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SeaWorld’s Shamu Show Gets a Reprieve

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When California Assemblyman Richard Bloom introduced a bill that would bring an end to Shamu shows at SeaWorld, he probably didn't expect it to succeed. But in shelving the whole issue for a year so there can be more "study", the Water, Parks and Wildlife Committee has at least left open the possibility of reconsidering it next year.

SeaWorld hired one of California's most successful lobbyists, Scott Wetch, whom the L.A. Times has described as “blunt, shrewd and intimidating,” to do the rounds of committee members in advance of the hearing.

His basic strategy was to scare them into considering how the economy would take a big hit if the ban were approved.Wetch lined up support from the California Association of Zoos & Aquariums and the California Retailers Association. His basic strategy was to warn the committee of the dire consequences of approving the bill, and to scare them into considering how the economy would take a big hit if the ban were approved – and how this would affect them at the polls.

“If you ban them [the orcas], you buy them,” he told legislators at the hearing, adding that the bill would lead to litigation over an illegal taking of property, and that SeaWorld might simply move all the orcas to one of its other facilities.

SeaWorld officials underlined this by saying that their San Diego shows attracted 4.6 million visitors last year and that they pay the city $14 million annually to lease the property.

Wetch was delighted with the outcome. “The bill was laughable in its lack of sophistication,” he said.

Among those speaking for the orcas at the hearing were former SeaWorld trainer John Hargrove and marine mammal scientist Naomi Rose. Their presentations, by contrast, were about the interests and concerns of the orcas rather than the economy. Orcas are among the most magnificent creatures on the planet, with unique cognitive and communication abilities, and living in close-knit family groups.

Hargrove explained how the orcas live in a “horrible, sterile environment” where they develop obsessive behaviors, like chewing on the steel bars, that result in physical injuries. (Watch his whole testimony here.)

And Assemblyman Richard Bloom, who introduced the bill, talked about how orcas are among the most magnificent creatures on the planet with unique cognitive and communication abilities, who live in close-knit family groups.

But the interests of the orcas could never be a match for the the business interests of a multi-billion-dollar corporation and its value to the City of San Diego's tourist industry.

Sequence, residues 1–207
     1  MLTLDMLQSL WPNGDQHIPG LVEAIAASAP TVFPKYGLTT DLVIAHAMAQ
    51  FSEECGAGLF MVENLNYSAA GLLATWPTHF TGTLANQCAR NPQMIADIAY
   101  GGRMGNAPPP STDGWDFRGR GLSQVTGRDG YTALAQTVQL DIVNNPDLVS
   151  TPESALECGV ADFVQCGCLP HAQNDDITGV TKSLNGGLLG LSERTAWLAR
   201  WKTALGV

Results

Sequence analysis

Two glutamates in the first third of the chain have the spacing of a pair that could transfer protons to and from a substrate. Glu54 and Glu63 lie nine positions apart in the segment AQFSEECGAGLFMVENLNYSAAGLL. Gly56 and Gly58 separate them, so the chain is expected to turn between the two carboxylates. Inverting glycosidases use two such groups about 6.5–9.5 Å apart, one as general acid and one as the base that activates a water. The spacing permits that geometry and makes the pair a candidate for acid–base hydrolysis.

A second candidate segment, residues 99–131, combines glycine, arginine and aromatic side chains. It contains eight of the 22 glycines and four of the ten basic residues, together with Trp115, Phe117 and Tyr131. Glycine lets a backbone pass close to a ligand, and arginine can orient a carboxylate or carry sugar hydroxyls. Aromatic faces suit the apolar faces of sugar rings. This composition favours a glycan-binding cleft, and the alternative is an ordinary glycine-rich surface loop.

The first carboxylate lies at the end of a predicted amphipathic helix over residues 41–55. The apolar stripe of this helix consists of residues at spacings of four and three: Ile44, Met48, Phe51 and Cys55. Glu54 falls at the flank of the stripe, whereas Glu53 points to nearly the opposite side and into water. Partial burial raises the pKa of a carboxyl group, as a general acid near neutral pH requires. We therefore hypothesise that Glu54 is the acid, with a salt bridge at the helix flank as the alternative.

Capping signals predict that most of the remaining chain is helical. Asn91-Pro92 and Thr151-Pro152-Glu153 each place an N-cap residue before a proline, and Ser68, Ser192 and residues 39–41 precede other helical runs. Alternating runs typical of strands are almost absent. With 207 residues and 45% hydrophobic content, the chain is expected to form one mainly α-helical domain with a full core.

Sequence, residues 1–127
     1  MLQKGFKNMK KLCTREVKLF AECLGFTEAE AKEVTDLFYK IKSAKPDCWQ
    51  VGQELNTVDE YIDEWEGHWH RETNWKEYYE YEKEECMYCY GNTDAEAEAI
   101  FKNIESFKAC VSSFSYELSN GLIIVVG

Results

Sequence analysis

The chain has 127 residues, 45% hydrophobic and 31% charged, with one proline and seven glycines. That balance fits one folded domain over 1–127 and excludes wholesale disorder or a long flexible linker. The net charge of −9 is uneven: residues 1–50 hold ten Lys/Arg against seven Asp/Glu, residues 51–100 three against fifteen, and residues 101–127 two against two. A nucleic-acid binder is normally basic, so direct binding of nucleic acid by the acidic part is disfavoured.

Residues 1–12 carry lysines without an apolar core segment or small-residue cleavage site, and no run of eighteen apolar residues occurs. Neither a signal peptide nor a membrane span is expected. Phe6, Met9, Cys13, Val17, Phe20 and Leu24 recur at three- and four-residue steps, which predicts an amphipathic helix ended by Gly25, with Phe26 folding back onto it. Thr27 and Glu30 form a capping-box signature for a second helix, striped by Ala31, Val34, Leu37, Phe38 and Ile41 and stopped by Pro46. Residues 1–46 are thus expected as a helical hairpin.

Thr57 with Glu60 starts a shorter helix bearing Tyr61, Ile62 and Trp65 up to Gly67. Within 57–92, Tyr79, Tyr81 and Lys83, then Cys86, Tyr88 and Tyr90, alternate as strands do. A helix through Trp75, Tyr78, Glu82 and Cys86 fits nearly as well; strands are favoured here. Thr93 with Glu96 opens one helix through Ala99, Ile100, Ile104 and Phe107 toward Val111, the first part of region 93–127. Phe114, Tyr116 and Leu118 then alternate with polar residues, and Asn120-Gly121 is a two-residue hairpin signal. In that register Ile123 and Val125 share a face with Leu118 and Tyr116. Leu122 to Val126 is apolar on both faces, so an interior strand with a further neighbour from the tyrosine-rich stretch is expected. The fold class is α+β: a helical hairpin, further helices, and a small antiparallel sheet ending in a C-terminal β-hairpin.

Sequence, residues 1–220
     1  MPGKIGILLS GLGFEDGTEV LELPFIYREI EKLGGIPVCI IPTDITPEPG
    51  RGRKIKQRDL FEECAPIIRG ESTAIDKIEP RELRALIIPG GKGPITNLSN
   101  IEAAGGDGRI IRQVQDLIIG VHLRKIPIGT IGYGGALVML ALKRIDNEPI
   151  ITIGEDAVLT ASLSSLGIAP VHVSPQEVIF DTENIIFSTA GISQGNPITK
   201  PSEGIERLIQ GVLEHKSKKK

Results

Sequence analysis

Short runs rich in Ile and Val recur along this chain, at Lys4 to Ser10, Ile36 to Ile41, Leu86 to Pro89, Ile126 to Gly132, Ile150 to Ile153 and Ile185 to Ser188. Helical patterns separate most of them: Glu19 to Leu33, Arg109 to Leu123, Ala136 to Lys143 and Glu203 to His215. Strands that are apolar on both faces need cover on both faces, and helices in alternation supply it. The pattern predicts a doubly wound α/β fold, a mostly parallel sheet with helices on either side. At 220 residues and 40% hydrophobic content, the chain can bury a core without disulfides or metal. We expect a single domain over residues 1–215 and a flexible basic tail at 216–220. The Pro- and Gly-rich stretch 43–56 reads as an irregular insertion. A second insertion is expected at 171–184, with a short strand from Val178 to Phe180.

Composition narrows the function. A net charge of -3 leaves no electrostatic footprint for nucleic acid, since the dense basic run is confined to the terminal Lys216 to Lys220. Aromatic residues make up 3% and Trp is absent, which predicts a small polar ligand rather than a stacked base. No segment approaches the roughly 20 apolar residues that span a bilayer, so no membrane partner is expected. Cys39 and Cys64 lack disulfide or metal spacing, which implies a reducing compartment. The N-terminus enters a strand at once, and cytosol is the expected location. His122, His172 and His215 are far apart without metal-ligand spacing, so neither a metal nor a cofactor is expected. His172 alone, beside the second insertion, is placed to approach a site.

And while Chairman Anthony Rendon supported the bill, along with one other member of the committee, they would have needed at least six more votes, so there was no point in even having a roll call. Instead, Rendon invited the bill's proponents to come back next year after more studies have been done.

Footnote: Helping to drum up support for SeaWorld before the hearing, Sean Hannity of Fox News devoted a segment of his nightly show to the issue.

One of the two guests was Lisa Lange of PETA, and in the video, you see Hannity begin by asking her if the acronym PETA stands for "People Eating Tasty Animals." (Wow, Sean, that's hilarious.) For the rest of the interview, Hannity behaves like a cheap bully. Lange keeps her cool and makes her points. Kudos to her.

All of which suggests that if these are the depths to which SeaWorld supporters feel they have to sink in order to keep their show on the road, that really says a mouthful.

Second Footnote: Meanwhile, the debate over keeping orcas in captivity now moves to Canada, where two park board commissioners say the Vancouver aquarium should not be holding whales or dolphins. The issue will likely end up on the local election ballot this fall.

Very simply, the entire topic of marine circuses is not going away!

5 comments
laloofah
laloofah

According to a story on NPR, the chairperson of the legislative committee that decides which bills to bring to a vote changes every year. Next year the legislator is a rep from San Diego. So much for giving the enslaved orcas at Sea World another chance at freedom and a normal life in 2015! 

Nicole
Nicole

I have visited Seaworld twice with my kids and really liked it. I think that it is very important to have a debate on how to improve the treatment of the animals. In the end they seem to make a lot of money from us guests, so they should invest a part of it into treating the animals better.

michaelmountain
michaelmountain moderator

@laloofah Yes, and she's already denying that there was a lot of maneuvering behind the scenes ...

MaureenWelch
MaureenWelch

@Nicole  The way they can improve the treatment of animals is not to confine or exploit them in any way. Animals are not on this earth to be our entertainment.